I should perhaps introduce Konnie. She is C’s boat (probably technically a yacht, but that sounds so plutocratic, and she isn’t.) She is a Westerly Konsort , some 29’ long. If you were holidaying for a weekend, she’d be pretty roomy. If you live permanently on board, as K&C currently do, you learn to be really good at packing stuff. (although there is an awful lot of space for storage, if you know where it is!) And K&C have been spending the last few weeks sailing, prior to going back to work at the start of September.

So. After watching the Lifeboat, and catching up, we turned in for the night. If you look at the pictures of an average Konsort , my berth was the one behind the chart table (6th pic down) which is handy, as it almost completely enclosed, and thus virtually impossible to fall out of. This is a good thing, as it turned out to be quite a bouncy night - partly because we were towards the outside of the harbour so not sheltered, and partly because of the wash from the ferries going in and out.

High water was around 10.30 a.m. so we got up in a fairly leisurely way and had breakfast before heading out into the Solent at, or just before, high water.

It appears that the Solent is quite busy, as bits-of-water-for-sailing-on go, and also it was fairly breezy, so we decided that it wasn’t the ideal time for me to practice my nascent steering skills.

We were able to get the sails up and the engine off as soon as we cleared the harbour, and had plain sailing (Ha! See what I did there?) to our destination, Newtown River. Even though we only used the little sail (the Genoa), we made excellent speed, and did a little bit of leaning over sideways, too!

As we sailed, C was giving me a little information about the rules - who has to give way to whom - as far as I can remember, boats under power give way to boats under sail, except when it is the othre way around because you give way to boats less able to take evasive action that you are, which is why we had to give way to the Isle of Wight ferry. Then there are all the rules depending on which tack you are on and whether you are in front or behind.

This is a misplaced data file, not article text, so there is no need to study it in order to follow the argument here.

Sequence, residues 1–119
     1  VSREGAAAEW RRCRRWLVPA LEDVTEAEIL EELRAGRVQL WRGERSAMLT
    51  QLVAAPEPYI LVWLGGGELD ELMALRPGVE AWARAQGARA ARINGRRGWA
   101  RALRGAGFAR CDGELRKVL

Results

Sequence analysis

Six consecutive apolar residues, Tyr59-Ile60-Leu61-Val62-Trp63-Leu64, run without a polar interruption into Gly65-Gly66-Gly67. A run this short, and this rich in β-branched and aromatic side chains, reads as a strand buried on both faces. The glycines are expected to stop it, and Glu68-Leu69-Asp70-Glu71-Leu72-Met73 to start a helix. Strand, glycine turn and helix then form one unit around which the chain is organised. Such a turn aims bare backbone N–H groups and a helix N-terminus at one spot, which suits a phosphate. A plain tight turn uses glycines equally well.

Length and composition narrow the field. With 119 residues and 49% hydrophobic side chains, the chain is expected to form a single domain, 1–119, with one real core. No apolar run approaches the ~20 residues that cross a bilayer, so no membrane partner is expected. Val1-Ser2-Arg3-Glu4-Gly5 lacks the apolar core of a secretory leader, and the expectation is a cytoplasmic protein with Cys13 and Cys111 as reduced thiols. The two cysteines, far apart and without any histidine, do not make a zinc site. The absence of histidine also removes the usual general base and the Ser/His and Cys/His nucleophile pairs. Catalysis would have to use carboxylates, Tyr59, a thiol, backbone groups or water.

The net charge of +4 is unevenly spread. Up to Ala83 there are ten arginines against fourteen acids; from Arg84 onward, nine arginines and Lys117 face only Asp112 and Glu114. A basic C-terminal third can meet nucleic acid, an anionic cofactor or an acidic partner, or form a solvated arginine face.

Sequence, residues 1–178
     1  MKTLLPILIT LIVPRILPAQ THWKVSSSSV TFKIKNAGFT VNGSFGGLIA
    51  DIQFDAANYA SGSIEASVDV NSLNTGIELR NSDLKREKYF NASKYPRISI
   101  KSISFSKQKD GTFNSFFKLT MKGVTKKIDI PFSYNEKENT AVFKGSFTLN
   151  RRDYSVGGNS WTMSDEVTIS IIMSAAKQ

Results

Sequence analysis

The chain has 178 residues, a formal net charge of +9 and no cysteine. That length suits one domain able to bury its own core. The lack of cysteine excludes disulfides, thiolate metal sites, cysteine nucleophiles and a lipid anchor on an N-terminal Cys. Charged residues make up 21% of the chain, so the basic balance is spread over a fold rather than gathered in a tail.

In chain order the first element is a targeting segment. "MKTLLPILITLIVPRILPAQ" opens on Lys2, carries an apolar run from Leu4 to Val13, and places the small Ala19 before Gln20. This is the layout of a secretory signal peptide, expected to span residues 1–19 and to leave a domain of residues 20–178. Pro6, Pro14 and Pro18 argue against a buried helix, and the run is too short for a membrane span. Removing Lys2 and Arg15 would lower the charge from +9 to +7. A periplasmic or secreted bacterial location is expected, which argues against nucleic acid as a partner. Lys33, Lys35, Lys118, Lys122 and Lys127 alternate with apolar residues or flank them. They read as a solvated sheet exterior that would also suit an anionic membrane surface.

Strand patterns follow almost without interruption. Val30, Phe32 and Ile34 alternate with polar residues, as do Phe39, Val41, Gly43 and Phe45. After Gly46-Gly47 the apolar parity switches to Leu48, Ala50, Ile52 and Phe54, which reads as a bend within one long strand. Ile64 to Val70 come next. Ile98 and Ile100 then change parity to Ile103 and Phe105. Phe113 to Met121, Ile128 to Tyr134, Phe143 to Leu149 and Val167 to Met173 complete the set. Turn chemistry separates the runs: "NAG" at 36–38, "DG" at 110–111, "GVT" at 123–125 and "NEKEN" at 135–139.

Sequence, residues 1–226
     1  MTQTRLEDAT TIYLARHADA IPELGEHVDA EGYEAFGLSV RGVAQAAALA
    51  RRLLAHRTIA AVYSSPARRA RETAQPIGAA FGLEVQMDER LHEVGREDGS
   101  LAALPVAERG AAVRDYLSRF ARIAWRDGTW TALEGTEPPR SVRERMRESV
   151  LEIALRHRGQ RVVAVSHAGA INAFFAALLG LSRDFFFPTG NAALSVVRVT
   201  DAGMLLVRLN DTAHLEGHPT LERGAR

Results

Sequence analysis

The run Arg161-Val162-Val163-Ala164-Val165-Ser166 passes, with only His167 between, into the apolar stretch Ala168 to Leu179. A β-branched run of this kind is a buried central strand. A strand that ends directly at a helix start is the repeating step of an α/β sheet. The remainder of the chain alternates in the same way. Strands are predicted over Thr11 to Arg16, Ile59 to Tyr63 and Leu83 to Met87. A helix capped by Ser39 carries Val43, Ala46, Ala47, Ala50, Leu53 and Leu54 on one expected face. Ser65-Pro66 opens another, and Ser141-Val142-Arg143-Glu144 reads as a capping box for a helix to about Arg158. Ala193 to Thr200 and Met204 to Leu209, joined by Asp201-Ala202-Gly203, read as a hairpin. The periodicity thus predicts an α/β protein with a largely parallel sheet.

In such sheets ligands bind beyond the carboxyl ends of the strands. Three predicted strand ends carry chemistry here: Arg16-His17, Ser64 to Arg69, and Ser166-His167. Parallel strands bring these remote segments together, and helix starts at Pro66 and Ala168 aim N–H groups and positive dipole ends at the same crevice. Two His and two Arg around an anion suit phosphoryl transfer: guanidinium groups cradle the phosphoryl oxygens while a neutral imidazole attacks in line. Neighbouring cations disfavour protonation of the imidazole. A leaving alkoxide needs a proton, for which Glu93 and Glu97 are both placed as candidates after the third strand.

There were a lot of hired boats out all racing with one another, which made life a little interesting, as many of them seemed not to be paying much attention to where they were going or where any of the other boats were - we had to take evasive action to avoid being run in to by one of them, which was overtaking us (which apparently means it was their responsibility to steer clear of us, not the other way around.)

We arrived at Newtown river in time to moor, just before it started raining on us, and to have lunch, by which time it had stopped raining.

Newtown river, being a smallish river looked after (or adjacent to land looked after) by the National Trust, does not have frivolous luxuries like a water taxi, so, having moored up to a buoy, we had to inflate the dinghy in order to go ashore. (When I say ‘we’ I actually mean ‘C’, as despite my feminist principals, I have to confess that C did lots of energetic inflating of the dinghy, heaving it about and fitting the outboard, and K & I did the washing up & made a nice cup of tea.)

We skittered up the river (and let me tell you, the wash and waves from even quite little boats and gusts of wind seem quite big, when you are sitting in a tiny inflatable dinghy)

We saw lots of birds. The tide was out, so there was a lot of exposed tidal mud, and we saw Oyster-catchers, with bright red legs and beaks, some birds which we think were Bar-Tailed Godwits, and of course also ducks, Canada Geese and a couple of swans.

When we got ashore we walked into the nearest village, Shalfleet, where we found, not altogether unexpectedly, a very nice pub. We were a bit surprised at how near to the river it was – we had read up in advance and were expecting a 20-25 minute walk – instead, it was closer to 10 mins, which did cast a little doubt on whether we had actually earned our beer, but we decided to give ourselves the benefit of the doubt!. It was perfectly splendid beer, light, golden, hoppy, summery ale.

The walk to and from the village was nice, too. Most of it was along an unmetalled road, bordered with brambles loaded with just-ripe blackberries, with the occasional cottage set in beautifully kept gardens bursting with flowers. Even the pub had riotous hanging baskets and window boxes overflowing with flowers.

and the sun came out, too.

Tuesday, 18 August 2009

In Which There are Trains, and Boats, and Beer

I spent the weekend with my sister, K and her partner C, sailing around in the Solent.

I had been hoping to finish early in court on Friday to be able to get a train as early as possible, and as I got back home after spending the morning in court I realised that it might just be possible to catch the train one hour earlier than originally planned – provided I could get back out of the house and down to the station within 20 minutes. Picture me (although maybe not in too much detail) galloping through the house, scattering clothes in all directions as I tried to change out of my work clothes (I am only a novice at this sailing malarkey, but I am fairly sure that a dress, suit jacket, heels and tights does not make the ideal sailing-wear), into casual clothes, feeding the cat, and all the other things you need to do before leaving the house. Fortunately I had remembered to pack everything the previous night.